For the first 40 years of St Mary’s existence there were barely more than 30 pupils in the school at a time. It was a local school and many, on leaving, stayed within the community. However, some scattered across the globe and magazines from the early years of the 20th century have reports from Wiesbaden and Gibraltar, South Africa and British Columbia, China and Switzerland. Among the archives of St Mary’s, are nine hand-written school magazines from the years 1909 to 1911. Within one of these the editor has transcribed a letter from one of those travellers.
On the 15th February 1911, the Oceanic, a ship of the White Star Line, set sail from Southampton to New York. On board was R Tucker. We don’t know who she was but she was travelling back to The States with her father, having spent some time at St Mary’s. On the High Street in Calne there lived a master tailor and his family with the name Tucker, so perhaps these two were relatives. We know that an Honor May Tucker was a new pupil at St Mary’s in 1907.
The account of the trip is told with excitement and with detail. She describes the layout of the ship and its furnishings, the routines and the activities, including concerts by the ship’s orchestra. She tells of how to cope with sea-sickness by walking. There is a vivid description of a stop in Queenstown (now Cobh) in Ireland, where fishermen came out to meet them in boats laden with items for sale including Irish lace and oranges. These were thrown up to the passengers while money was exchanged, embedded in damaged fruit. She also comments on those dining with them. ‘Ours was a very nice table at which were seated a very pleasant lady and her husband, a most curious young French girl, two very shy young men, an old gentleman who had made three fortunes and lost them all, travelled a great deal and who was very interesting, the purser, and father and I.’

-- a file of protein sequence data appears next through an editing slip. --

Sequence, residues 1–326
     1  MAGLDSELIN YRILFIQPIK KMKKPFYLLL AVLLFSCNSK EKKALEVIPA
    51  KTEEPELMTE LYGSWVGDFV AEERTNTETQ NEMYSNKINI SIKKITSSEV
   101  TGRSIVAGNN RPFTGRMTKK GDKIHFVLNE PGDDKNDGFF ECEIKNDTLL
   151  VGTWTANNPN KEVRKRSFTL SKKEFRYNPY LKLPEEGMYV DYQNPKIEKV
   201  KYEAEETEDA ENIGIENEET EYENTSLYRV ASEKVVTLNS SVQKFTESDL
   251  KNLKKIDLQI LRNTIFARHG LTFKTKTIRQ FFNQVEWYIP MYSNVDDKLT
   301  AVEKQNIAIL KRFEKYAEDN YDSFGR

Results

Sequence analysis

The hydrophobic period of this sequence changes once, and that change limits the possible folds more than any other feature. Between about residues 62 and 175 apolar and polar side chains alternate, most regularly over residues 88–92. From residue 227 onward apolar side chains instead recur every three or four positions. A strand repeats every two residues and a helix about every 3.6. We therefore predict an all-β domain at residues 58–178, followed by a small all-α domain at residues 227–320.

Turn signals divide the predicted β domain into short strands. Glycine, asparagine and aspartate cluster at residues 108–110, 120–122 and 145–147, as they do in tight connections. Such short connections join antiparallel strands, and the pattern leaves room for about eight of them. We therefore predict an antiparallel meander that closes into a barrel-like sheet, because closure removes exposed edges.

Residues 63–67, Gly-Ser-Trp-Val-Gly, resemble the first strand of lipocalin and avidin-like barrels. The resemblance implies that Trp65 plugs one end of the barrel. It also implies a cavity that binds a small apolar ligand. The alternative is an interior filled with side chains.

Possibly getting her terminology confused, this young traveller goes on, ‘Under the bow, one on each side, were two fan-shaped propellers joined in the centre by a large screw which drove the vessel along. These turn round and round, churning up the water until it looks like pure white shining foam under which is very dark water, blue or green and in very deep places even black. This is very pretty indeed, especially when the sun is shining, for then a perfect rainbow may be seen.’ She includes a drawing of the propeller.
Waking on the 21st February to find the ship in the entrance to New York harbour, she sees the landscape covered in snow, and ‘the river full of large cakes of ice‘. The Oceanic made slow progress through the ice, past warehouses, other ships, and the Statue of Liberty, arriving four hours later in the dock where the streets were under two feet of snow. Looking back on her time in Calne, Miss Tucker comments on her affection for the friends she had made at St Mary’s.
In the year following this journey, the sister ship of the Oceanic, the Titanic, left Britain for The States on her maiden voyage. The Oceanic was requisitioned for naval service in 1914. She had spent just two weeks in the role when she was wrecked near Scapa Flow on her way to the Shetlands. A salvage operation in 1973 managed to retrieve the propellers, the very ones watched and sketched by R Tucker in 1911 on her Atlantic crossing.